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Inverse dynamic analysis of the biomechanics of the thumb while pipetting: a case study.
Wu-JZ; Sinsel-EW; Gloekler-DS; Wimer-BM; Zhao-KD; An-K-N; Buczek-FL
Med Eng Phys 2012 Jul; 34(6):693-701
Thumb-push manual pipettes are commonly used tools in many medical, biological, and chemical laboratories. Epidemiological studies indicate that the use of thumb-push mechanical pipettes is associated with musculoskeletal disorders in the hand. The goal of the current study was to evaluate the kinematics and joint loading of the thumb during pipetting. The time-histories of joint angles and the interface contact force between the thumb and plunger during the pipetting action were determined experimentally, and the joint loadings and joint power in the thumb were calculated via an inverse dynamic approach. The moment, power, and energy absorption in each joint of the thumb during the extraction and dispensing actions were analyzed. The results indicate that the majority of the power is generated in the interphalangeal (IP) and carpometacarpal (CMC) joints for the pipetting action. The analysis method and results in the current study will be helpful in exploring the mechanism for musculoskeletal injuries of the hand associated with pipetting, providing a preliminary foundation for ergonomic design of the pipette.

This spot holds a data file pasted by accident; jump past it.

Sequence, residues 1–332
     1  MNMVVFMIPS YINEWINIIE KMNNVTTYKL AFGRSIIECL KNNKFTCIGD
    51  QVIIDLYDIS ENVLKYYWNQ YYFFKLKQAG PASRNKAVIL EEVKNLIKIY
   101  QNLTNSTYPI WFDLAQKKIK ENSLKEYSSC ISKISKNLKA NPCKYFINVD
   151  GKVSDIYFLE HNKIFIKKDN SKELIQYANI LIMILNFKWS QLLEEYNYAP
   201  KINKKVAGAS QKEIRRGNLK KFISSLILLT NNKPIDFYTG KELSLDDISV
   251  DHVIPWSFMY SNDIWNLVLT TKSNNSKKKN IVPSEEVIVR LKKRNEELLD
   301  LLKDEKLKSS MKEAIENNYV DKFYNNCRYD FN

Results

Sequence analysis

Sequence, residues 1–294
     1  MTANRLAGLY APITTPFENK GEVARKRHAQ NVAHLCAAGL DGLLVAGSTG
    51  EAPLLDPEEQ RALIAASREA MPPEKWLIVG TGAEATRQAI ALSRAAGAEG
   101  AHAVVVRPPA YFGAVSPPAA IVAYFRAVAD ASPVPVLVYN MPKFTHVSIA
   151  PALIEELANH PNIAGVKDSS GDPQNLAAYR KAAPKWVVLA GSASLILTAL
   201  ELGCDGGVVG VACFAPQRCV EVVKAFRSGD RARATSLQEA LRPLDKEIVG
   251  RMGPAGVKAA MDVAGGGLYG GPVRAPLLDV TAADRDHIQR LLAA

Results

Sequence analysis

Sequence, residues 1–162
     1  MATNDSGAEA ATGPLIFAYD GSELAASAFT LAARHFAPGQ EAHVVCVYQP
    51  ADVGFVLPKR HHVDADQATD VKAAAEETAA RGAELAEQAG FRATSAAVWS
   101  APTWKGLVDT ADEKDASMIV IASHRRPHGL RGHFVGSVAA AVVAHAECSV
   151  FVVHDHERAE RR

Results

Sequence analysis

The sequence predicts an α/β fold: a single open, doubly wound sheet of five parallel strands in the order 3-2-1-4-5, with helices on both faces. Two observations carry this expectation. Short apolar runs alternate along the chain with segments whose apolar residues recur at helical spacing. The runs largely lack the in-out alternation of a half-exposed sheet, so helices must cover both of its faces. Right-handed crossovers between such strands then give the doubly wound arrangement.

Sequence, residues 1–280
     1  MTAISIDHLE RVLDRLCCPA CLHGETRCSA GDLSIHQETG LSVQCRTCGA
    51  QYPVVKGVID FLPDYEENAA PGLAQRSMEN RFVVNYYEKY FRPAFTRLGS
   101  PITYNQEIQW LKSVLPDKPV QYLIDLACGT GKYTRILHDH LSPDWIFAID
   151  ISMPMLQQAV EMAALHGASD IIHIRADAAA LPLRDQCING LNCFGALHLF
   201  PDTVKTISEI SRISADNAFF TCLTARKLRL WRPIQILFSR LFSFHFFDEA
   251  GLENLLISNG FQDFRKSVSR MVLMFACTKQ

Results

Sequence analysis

Laboratories; Laboratory-equipment; Musculoskeletal-system-disorders; Hand-tools; Hand-injuries; Force; Ergonomics; Equipment-design; Extremities; Epidemiology; Human-factors-engineering; Injury-prevention; Body-mechanics; Author Keywords: Ergonomics; Thumb; Kinematics; Joint moment; Pipette; Modeling
John Z. Wu, NIOSH/CDC, 1095 Willowdale Road, MS-2027, Morgantown, WV 26505
Issue of Publication
Medical Engineering & Physics
Page last reviewed: March 11, 2019
Content source: National Institute for Occupational Safety and Health Education and Information Division